Crawford County, Iowa, IAGenWeb


Thomas W. Bell

For almost four decades the name of Bell has been an honored and prominent one in Crawford county and Thomas W. Bell, whose name introduces this record, fully sustains the reputation that has always been borne by his father.

He was born in Lawrence, Massachusetts, September 5, 1862, a son of Samuel and Jennie (Allen) Bell, both of whom were natives of Scotland. The father was a cloth finisher, and in 1854, believing that America offered better opportunities for making a livelihood, he emigrated to the new world. He first located in Lawrence, Massachusetts, spending a number of years there and then located near Island Pond, Vermont. He there followed farming for a time but eventually decided to try the broader opportunities of the middle west and accordingly, in April, 1873, came to Crawford county, Iowa. At that time much of the land was still in its wild state and the homes of the settlers were widely scattered, there being but two houses between his home in East Boyer township and the village of Vail.

However, he began working diligently and persistently and as the years passed, success came to him so that at the time of his death, which occurred in May, 1892, he was the owner of five hundred and twenty acres of valuable land in Crawford county. He was one of a family of three sons and two daughters, but was the only member who came to the United States, one sister now living near Glasgow, Scotland, while his two brothers when quite young started for Australia and were never again heard from.

The mother of our subject, who was also born and reared in Scotland, gave her hand in marriage to Samuel Bell in Lawrence, Massachusetts. She, too, has departed this life, her death occurring in Crawford county in 1901, and both she and her husband lie buried in the Vail cemetery. Their family numbered three sons and three daughters, as follows: Mary, the wife of C. N. Baker, of Bridgeport, Washington; Lizzie, the wife of George Lyon, a resident of Denison; David, who follows farming in East Boyer township; Thomas W., of this review; Robert, a farmer of Lyman county, South Dakota; and Jennie, the wife of George Albert, of Nevada, Missouri.

Thomas W. Bell was a lad of eleven years when he accompanied his parents from New England to Crawford county. His education, which was begun in the country schools of his native state, was continued in the schools of Crawford county, and his training at farm labor was received under the direction of his father. He remained at home until he was twenty-seven years of age and then began farming on his own account in Hayes township, where he made his home until 1904. He next removed to Manilla, Crawford county, and was there proprietor of the hostelry known as the Bell House, for four years. He also was engaged in the draying business for one year and followed carpentering to some extent. After a time he returned to the home place and again engaged in farming, now owning two hundred acres in East Boyer township, this formerly constituting a part of the homestead property.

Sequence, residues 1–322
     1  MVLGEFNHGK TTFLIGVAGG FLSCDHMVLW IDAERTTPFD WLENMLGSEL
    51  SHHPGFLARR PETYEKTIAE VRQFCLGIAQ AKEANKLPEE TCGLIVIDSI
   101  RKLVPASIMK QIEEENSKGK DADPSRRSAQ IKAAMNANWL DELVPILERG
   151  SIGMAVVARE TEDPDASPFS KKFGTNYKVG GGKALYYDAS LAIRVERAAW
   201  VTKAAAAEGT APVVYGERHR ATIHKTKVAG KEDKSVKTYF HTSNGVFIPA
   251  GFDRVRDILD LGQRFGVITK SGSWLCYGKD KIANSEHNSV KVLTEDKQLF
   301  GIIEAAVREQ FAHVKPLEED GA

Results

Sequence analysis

He likewise owns two hundred and forty-seven acres in Hayes township and forty-two acres lying inside the corporation limits of Denison. He has one hundred and sixty acres in Lyman county, South Dakota, so that his landed possessions are now quite extensive. Mr. Bell engaged in general farming and stock-raising and was formerly a breeder of Poland China hogs. His land is in a good state of cultivation, while the place is improved with modern and substantial buildings, and his property is considered as valuable as any to be found in Crawford county. In the spring of 1911 he removed to his place in Denison, where he is now living.

It was on the 26th of January, 1889, that Mr. Bell was united in marriage to Miss Addie Baker, who was born in Cedar county, Iowa, a daughter of William and Jane (Stone) Baker. The parents were born in Pennsylvania and are of Dutch extraction. The father was taken to Indiana when but two years of age and during his youth went to Ohio, but eventually came to Crawford county, where he engaged in farming throughout the remaining years of his active business career. Both he and his wife are still living and they now make their home in Manilla, this county.

Their family numbers six children: Henry, a resident of Scranton, Iowa; Addie, now Mrs. Bell; Libbie, who makes her home in Los Angeles, California; Clayton, a resident of Manilla, Iowa; Emma, who has departed this life; and Louise, the wife of Cass Wood, residing near Olin, Iowa.

The marriage of Mr. and Mrs. Bell has been blessed with two sons and one daughter, all still at home; Myron; Clarence, who in June, 1911, was graduated from Denison College; and Queen, who is attending school in Denison.

Mr. Bell's study of the political issues and questions of the day has led him to give stalwart support to the republican party, yet he has never been active as an office seeker, for his time is fully occupied with his private business affairs. He holds membership in the Presbyterian church and is a Mason, while both he and his wife are members of the Order of the Eastern Star at Manilla. He has ever been alert for opportunities that will win advancement, and along this line he pursued his way until he occupied a foremost place among the substantial agriculturists of Crawford county.

Source: History of Crawford County, Iowa. Vol. II. Chicago: The S. J. Clarke Publishing Co., 1911.